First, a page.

Habitats of the Llano Estacado
Photoessay – Tahoka Lake - May 1, 2009
Tahoka Lake is a large salina (salt lake) set deep into the Llano Estacado. The bottom of the salina is over a hundred feet below the surrounding plains. Cliffs of limestone, alkali seeps, draws with springs, sandy ridges, and freshwater pools create an amazing diversity to the location. Mrs. Clyde May, the owner of the western side of the lake is working to preserve the location as a non-profit education facility that educates folks on the history and ecology of the salinas of the Llano Estacado. Dr. Eileen Johnson, of the Lubbock Lake Landmark archaeological site, led an archaeological field school there to examine a pastores camp and stone fence, as well as to survey the site of American Indian use. Several researchers have studied the use of the salinas by shorebirds and other birds during visits to the lake.
Debi Cates and Donna Chafin were asked to photograph the site for a year by the Sibley Nature Center staff. Debi was only able to do it for a few months, but Donna continued contributing through the growing season and beyond.
The following photos were taken by Donna Chafin.
Related 2009 photoessays: Feb 7 | Feb 21 | Feb 28 | Mar 7-8 | May 12-13 | Jun 17 | Jul 6 | Jul 16-Aug 4
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Dawn on the first of May showed that the lake was almost dry.
A cattle trail led across the mud of the lake.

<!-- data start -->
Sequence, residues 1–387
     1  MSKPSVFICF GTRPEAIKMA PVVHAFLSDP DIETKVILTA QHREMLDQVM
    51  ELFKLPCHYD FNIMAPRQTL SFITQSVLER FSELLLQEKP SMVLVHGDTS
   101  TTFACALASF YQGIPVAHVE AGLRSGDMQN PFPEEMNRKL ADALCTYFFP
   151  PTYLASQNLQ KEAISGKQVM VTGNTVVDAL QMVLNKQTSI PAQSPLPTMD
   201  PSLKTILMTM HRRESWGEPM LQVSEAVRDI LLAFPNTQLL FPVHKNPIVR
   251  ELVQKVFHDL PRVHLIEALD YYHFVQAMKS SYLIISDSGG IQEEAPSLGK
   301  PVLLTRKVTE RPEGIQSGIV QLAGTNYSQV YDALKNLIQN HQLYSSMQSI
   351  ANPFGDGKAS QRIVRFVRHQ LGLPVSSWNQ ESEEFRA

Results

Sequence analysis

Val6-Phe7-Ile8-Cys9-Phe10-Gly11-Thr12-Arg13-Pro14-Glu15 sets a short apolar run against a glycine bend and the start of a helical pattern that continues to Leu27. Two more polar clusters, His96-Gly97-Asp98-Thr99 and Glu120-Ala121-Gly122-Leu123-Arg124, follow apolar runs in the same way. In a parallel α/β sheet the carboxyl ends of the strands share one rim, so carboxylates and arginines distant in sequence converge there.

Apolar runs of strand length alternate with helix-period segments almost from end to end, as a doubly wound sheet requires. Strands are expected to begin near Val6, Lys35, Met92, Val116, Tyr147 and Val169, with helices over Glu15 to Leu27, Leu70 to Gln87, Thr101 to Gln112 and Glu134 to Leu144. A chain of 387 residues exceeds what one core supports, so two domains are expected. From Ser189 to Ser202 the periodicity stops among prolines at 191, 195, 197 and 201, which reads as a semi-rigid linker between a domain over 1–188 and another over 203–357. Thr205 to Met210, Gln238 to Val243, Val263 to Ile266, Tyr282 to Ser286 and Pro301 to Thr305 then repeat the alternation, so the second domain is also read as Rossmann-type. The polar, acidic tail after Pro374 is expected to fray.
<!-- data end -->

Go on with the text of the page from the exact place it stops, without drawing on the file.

Why did 2 more cows wander across the lake?
Mimosa borealis has lovely pink blooms in the spring, but the sharp curved spines grab at unwary passerbys.
May is often muggy and hazy.
The haze persists for a couple of hours.
The mesquite is still leafless.
Squirrel tail grass is a very noticeable grass that blooms in the spring. Basket flowers are beginning to grow rapidly.
Does the withered tendrils indicate that this white evening primrose has been pollinated?
Indian blanket is a favorite wildflower of Llaneros.
Hackberry groves, when leafed out, are very inviting places.
Spiderwort gathered some dew on the muggy morning.
Soapberry groves have a different character than hackberry groves.
A buffalo gourd had begun to grow.
Yellow evening primrose is a common annual on the Llano Estacado.
What knocked the pollen off of the anthers – and is that a spider web? And is that a bug hiding behind one of the filaments of the anthers?
A small sucker in the soapberry grove had just begun to leaf out.
Are these juniper berries in very fresh fox scat?
Spiderwort from the side reveals a very delicate and wondrous beauty.
Salsify is an exotic wildflower than became common on the Llano Estacado in the 1960s.
Purple thistle bloom buds are architectural marvels.
A mouse had cached an owl pellet and some berries from the fox scat.
Dew dippled a copper mallow flower bud.
Chocolate daisies flowers have an amazing structure.
Holy sage sprouts in late April. This species of Artemisia is found in many habitats, while most of the other species are confined to one or two habitats.
New leaves popped out on hackberry … but one of the Sibley staff wonders if this is a chittamwood, instead.
Kisses (Gaura coccinea) is a common spring wildflower.
Spring means calves on the ranch.
Is this Verbena goodingii or V. bipinnafitida?
Flies gather on fresh cow poop, and photographers have to watch where they are going.
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